Notes and Editorial Reviews
This is a hybrid Super Audio CD playable on both regular and Super Audio CD players.
Iván Fischer and his orchestra hit the ball out of the park with this recording, offering a First Symphony full of personality and fire, all at an exalted technical and interpretive level. Indeed, on the basis of this recording I would rank Fischer as one of the truly great conductors now active, not just because he justifies yet another recording of this ubiquitous warhorse, but because of his achievement in creating an orchestra whose sound is as characterful as his performances. Just listen to the playing of the strings in Fischer's own arrangement of the Fourteenth Hungarian
Dance--it's a rich, voluptuous, but also rhythmically acute and somehow very Hungarian sound, the kind of passionate spontaneity we used to hear from colleagues such as Fricsay or Sándor Végh, and these qualities typify the entire disc.
The opening of the First Symphony sets the stage for a performance like no other. With generous (but never vulgar) string portamentos, the entire introduction proceeds in two huge arches, phrased as a real melody. It's less strenuous and granitic then some (think Klemperer), but just as powerful in its own way. More to the point, after an amazingly detailed and exciting allegro, Fischer lets the trumpets and drums rip in the lead-in to the recapitulation, and times the moment of arrival as well as anyone ever has. It's simply masterful. The finale also captures exactly the right combination of majesty and joy, and Fischer's ability to vary the tempo over a wide range without ever breaking the long line is extremely impressive, and genuinely "Romantic". The inner movements, flowing, lyrical, and fresh, set the seal on a truly great performance from first note to last.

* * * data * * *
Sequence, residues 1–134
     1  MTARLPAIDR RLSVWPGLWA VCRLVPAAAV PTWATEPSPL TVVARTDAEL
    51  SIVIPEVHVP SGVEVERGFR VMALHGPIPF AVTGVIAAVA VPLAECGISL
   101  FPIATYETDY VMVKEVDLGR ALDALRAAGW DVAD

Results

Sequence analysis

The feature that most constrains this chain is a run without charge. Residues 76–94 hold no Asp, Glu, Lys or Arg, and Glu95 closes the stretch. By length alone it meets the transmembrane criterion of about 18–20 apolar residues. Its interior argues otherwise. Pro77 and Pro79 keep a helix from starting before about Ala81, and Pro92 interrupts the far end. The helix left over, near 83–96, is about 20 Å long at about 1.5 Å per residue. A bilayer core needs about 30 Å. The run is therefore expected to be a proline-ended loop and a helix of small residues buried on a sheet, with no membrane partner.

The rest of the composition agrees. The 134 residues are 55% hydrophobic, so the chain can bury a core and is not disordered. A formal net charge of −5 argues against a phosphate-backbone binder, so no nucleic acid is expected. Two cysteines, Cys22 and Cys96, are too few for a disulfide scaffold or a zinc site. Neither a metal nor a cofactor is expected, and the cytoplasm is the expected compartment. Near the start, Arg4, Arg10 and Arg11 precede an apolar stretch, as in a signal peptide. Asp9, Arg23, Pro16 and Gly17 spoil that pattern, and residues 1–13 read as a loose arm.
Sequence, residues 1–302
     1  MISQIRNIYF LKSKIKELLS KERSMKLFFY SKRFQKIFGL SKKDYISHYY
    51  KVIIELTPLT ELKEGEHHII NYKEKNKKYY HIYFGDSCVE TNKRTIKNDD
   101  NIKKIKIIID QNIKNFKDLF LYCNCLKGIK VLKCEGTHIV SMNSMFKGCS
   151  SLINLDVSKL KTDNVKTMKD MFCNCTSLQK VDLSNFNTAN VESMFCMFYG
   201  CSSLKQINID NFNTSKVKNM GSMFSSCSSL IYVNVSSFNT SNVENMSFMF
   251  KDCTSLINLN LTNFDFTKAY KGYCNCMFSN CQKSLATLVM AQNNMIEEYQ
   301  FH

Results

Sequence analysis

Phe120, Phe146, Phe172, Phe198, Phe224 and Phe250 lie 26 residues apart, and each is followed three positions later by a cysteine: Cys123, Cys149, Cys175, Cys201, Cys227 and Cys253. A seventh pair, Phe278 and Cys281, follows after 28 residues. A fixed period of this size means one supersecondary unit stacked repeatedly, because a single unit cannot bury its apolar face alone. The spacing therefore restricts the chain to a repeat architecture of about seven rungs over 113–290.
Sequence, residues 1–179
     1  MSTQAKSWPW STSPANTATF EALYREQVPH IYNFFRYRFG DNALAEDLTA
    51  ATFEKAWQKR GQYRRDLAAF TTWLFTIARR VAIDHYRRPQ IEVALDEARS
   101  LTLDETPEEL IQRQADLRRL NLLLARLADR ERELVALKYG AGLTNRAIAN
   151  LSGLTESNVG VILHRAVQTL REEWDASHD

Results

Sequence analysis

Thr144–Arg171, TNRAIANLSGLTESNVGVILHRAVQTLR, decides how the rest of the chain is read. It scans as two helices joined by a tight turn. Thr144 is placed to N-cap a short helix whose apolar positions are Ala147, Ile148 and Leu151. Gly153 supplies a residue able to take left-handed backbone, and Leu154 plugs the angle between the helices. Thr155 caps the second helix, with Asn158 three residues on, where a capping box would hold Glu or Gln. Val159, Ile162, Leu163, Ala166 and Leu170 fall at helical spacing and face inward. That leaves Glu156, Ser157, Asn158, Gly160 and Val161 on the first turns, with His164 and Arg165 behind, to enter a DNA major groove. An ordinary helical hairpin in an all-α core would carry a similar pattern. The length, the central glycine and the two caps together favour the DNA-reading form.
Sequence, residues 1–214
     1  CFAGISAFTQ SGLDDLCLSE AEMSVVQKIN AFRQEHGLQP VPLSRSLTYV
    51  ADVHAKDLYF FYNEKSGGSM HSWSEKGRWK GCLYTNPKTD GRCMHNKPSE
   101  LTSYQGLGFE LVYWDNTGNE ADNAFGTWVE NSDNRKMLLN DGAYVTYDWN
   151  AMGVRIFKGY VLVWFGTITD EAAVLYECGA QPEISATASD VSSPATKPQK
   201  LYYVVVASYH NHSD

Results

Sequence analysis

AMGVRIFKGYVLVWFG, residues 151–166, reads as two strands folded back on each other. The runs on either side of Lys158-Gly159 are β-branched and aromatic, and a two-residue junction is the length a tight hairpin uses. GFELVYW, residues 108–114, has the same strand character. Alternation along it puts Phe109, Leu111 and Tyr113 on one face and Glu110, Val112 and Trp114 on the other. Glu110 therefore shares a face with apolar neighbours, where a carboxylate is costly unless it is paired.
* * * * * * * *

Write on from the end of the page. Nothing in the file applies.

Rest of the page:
The Haydn Variations reveal exactly the same virtues evident in the other pieces here, so there's no need to go into the performance in great detail, save to acknowledge the orchestra's excellent wind section and Fischer's inevitable and imposing buildup of the concluding passacaglia. As usual, the sonics in all formats--stereo, SACD two- and multi-channel--are stunning, offering an ideal combination of clarity (listen to the the soft timpani and lucid bass lines) and warmth. Even if you have a hundred recordings of this music, let this disc be your hundred and first.
--David Hurwitz, ClassicsToday.com
Works on This Recording
Symphony no 1 in C minor, Op. 68 by Johannes Brahms
Budapest Festival Orchestra
Written: 1855-1876; Austria
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